Did You Know about Igbo Decendants in Jamaica?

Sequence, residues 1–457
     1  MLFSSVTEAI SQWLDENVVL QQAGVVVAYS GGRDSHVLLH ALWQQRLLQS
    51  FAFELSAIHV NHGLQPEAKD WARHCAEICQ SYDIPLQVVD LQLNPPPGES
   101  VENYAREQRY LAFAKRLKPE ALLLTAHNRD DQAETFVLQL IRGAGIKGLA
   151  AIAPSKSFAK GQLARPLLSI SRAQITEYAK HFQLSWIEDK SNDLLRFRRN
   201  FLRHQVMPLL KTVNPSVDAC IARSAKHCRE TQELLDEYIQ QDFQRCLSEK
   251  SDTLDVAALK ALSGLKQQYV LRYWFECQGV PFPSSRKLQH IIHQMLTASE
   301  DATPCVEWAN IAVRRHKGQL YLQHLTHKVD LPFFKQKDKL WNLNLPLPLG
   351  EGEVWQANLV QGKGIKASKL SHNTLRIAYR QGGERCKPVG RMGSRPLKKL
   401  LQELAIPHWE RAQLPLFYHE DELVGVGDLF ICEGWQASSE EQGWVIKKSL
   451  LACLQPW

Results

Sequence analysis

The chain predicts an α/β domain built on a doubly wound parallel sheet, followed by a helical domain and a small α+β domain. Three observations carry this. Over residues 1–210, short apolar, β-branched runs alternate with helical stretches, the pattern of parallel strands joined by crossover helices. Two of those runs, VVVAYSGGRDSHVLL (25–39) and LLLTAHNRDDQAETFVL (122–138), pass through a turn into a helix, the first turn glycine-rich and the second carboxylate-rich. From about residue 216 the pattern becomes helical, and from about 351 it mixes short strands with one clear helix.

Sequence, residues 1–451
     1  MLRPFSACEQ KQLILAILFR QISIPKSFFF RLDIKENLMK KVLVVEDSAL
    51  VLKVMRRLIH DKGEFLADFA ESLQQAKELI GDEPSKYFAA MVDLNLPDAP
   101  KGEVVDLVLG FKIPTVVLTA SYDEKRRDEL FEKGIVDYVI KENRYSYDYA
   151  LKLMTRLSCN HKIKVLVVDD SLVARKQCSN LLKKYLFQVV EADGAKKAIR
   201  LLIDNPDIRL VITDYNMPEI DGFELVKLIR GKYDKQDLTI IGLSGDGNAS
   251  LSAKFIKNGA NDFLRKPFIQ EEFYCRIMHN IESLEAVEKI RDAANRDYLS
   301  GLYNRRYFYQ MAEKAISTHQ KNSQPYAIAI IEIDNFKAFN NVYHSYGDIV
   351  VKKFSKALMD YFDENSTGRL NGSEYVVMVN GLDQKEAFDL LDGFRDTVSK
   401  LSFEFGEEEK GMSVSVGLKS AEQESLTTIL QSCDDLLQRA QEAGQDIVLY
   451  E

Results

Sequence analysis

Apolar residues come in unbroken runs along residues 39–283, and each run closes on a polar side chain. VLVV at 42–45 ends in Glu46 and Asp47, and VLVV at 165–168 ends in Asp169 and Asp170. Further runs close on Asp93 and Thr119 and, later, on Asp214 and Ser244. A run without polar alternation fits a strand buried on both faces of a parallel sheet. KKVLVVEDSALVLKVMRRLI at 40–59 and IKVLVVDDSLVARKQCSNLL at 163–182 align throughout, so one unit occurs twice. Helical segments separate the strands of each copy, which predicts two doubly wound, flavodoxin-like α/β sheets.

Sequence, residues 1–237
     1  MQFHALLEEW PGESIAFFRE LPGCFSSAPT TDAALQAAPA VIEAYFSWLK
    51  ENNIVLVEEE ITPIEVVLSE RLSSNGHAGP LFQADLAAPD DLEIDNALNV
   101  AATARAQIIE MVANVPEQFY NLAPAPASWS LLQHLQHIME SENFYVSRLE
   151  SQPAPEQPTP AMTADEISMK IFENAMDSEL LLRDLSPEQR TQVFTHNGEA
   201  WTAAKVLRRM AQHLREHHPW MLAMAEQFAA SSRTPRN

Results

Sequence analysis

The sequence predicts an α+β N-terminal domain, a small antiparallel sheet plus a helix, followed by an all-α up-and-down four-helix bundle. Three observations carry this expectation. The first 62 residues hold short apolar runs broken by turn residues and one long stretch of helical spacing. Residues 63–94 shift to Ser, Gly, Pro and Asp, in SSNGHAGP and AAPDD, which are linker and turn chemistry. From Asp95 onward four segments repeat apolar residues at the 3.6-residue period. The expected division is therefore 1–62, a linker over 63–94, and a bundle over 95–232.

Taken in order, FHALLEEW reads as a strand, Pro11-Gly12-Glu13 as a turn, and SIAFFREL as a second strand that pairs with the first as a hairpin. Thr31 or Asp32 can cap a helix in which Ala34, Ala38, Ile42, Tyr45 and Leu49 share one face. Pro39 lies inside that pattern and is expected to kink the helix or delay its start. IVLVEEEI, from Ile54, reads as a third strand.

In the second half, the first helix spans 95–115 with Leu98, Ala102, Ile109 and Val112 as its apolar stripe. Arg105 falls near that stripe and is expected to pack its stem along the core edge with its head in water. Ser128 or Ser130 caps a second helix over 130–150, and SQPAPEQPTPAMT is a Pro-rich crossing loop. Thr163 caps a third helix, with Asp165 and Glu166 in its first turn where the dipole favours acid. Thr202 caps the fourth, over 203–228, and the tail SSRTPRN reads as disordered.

Igbo people were taken in relatively high numbers to Jamaica as slaves, so it’s no surprise that there’s some Igbo language in the Jamaican Patois language. Never heard about the Igbo People of Jamaica? There is in fact a group of people in Jamaica called “Red Ibo” because of the light skinned nature of the original Igbo slaves. The “Red Ibo” or “Red Eboe” was used to refer to the Igbo slaves in Jamaica because of their light skin. Igbo slaves were distinguished physically by their fair or “yellow” skin tones, a stereotype which persists to present-day Nigeria. Today, in Jamaica, “red eboe” is used to describe people with light skin tones with African features. Originating primarily from the Bight of Biafra in West Africa, Igbo people were taken in relatively high numbers to Jamaica as slaves, between 1790 and 1809 during the transatlantic slave trade. Besides Virginia, Jamaica was the second most common disembarkation point for slave ships arriving from Biafra. During this period, the culture and language of the Igbos diffused into the Jamaican culture. One of the major results of this diffusion is the infusion of some Igbo words into the Jamaican Patois. Some of these words include: Unu – You people Ima osu (Jamaica) Imu oso (Igbo)- to hiss by sucking your teeth Akara (Jamaica) Akàrà (Igbo)– bean cake Soso (Jamaica) Sọsọ (Igbo)- only The Igbo also influenced the culture with actions such as “sucking-teeth” coming from the Igbo “ima osu” and “cutting-eye” from Igbo “iro anya”. According to the Guardian, “From Jamaica’s history, the Igbos influenced the culture, music, the pouring of libation, the “ibo” style, idioms, language and way of life of the Jamaicans. The Jamaicans are so akin to the ways of the Igbos such that it is not uncommon to see Jamaicans watch Igbo Nollywood movies. Some of their rural areas take after the Igbo’s in Eastern Nigeria.” We cannot talk about Igbo slave history without talking about Olaudah Equiano, a freed Igbo slave who became literate and was one of the first to document his experiences in a book. He became an official and was very instrumental in maintaining law and order among the Igbos in Jamaica during the 1776 Mosquito Shore Scheme. He is also regarded as being one of the campaigners of the abolition of slave trade. From history, Igbo slaves were known to resist enslavement rather than revolt. Many accounts showed that the slaves committed suicide because they believed after death, they would return to their native land. This suicide made most slave traders sceptical of having them as slaves.